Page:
Some links further discussing the books:
When Is A Celt Not A Celt
Open Letter from Former Student
Discussing the Plagiarism


  1. Whew! I can see the blisters now....!

  2. I'd heard about Stepanich but never really knew what the problem was, so thanks for enlightening me. And yikes. Banshees and Leprachauns? Oh dear oh dear.

    I think you really took one for the team, reading through all that...:p

  3. Thought this might interest you:

    She is really taking peoples money now!

  4. I think you are being way too judgemental. She's not claiming to be Witta or anything.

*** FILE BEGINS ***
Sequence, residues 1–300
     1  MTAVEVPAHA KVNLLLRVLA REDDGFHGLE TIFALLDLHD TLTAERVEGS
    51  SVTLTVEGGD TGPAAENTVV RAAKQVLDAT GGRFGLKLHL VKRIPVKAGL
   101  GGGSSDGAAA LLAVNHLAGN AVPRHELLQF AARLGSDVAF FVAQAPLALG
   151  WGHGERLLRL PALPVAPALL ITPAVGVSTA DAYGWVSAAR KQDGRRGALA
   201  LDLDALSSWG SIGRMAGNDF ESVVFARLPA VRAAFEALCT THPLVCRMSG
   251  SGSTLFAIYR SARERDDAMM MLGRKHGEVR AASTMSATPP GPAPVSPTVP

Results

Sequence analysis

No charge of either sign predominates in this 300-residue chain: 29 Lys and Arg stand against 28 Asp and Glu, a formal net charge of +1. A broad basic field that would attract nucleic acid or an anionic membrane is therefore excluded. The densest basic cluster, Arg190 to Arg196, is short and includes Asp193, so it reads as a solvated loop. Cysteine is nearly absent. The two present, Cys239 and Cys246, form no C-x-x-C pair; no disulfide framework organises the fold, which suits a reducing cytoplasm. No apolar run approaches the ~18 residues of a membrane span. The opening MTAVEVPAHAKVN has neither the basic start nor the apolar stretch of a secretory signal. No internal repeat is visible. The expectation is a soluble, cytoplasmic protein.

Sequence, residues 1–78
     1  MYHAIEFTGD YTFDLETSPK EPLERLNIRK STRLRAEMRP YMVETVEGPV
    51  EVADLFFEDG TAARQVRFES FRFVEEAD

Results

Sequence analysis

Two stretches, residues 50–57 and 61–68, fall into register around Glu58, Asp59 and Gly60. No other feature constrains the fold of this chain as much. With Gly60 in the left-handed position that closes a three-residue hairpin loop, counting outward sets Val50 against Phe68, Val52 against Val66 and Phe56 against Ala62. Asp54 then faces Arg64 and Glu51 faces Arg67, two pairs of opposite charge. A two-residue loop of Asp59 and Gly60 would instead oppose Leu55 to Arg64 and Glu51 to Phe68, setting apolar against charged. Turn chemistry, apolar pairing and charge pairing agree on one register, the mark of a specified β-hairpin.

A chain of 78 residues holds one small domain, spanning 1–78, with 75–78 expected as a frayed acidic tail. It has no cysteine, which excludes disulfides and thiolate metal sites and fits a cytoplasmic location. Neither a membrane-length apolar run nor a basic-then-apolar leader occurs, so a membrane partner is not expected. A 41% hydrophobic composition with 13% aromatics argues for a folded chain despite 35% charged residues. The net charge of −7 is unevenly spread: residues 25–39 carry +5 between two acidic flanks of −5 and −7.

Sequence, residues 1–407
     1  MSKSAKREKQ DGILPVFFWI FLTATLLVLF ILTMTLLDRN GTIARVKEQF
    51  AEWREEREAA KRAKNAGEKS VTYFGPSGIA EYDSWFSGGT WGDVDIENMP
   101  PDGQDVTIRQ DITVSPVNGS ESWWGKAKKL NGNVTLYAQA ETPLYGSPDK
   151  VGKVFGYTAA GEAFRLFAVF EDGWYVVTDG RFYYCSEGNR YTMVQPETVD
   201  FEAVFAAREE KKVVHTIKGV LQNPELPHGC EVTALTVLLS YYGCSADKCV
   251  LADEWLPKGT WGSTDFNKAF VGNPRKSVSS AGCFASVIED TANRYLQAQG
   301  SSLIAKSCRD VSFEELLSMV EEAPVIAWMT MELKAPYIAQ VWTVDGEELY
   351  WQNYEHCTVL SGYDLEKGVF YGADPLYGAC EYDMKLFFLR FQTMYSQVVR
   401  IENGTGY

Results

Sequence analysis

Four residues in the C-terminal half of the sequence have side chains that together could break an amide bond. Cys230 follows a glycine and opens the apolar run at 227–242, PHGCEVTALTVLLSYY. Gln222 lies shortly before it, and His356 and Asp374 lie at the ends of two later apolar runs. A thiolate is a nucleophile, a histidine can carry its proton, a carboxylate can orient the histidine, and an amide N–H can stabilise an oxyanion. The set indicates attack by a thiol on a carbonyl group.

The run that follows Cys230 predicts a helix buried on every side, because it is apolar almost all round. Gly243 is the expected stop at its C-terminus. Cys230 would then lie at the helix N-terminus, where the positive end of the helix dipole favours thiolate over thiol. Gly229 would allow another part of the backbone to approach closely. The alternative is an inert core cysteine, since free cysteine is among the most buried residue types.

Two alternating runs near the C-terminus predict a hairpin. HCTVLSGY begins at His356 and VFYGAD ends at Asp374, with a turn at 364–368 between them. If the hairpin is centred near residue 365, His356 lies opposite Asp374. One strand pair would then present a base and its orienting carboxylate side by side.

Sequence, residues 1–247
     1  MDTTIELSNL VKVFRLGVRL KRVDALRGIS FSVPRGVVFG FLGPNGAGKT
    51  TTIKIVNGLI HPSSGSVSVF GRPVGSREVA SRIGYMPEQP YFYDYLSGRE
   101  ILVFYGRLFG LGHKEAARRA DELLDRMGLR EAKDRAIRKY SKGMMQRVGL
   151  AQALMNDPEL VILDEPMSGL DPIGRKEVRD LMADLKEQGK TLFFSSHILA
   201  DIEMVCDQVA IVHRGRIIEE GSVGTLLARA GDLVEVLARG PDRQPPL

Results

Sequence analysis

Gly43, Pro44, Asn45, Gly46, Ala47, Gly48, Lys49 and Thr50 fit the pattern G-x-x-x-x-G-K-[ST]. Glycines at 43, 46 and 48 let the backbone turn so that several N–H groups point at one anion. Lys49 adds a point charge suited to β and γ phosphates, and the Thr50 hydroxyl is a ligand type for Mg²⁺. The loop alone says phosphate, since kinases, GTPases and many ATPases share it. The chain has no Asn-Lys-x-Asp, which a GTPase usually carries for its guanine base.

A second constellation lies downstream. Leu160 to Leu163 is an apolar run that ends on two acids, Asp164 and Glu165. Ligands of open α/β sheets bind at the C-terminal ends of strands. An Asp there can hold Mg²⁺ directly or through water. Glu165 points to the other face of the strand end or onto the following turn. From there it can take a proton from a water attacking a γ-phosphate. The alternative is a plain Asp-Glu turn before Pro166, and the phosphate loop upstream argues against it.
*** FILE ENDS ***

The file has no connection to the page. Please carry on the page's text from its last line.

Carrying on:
5. She's claiming - or was claiming in these two books - to be teaching the genuine traditional Faery Faith when she isn't. So realy that's not much different from McCoy's Witta....
    But as I said in the review the biggest issue is the plagiarism. She is printing other people's material and calling it her own, and to me that is a really big problem.

  6. Isn't the point here that her work went down as too lofty? Getting messages from a faery realm- that's an experience. I just can't understand how it was entirely wrong. I laughed about plagarism at a young age when I first learned of it. Then, when I first saw the Faery Wicca books I laughed at them. I took a chance using the tarot deck because at the time I was trying to understand similarities with druidry and wicca. It served to be helpful, for that. I've only ever just tried to say there's some parts of the effort worth salvaging. A project (faery-wicca) that could have gone better.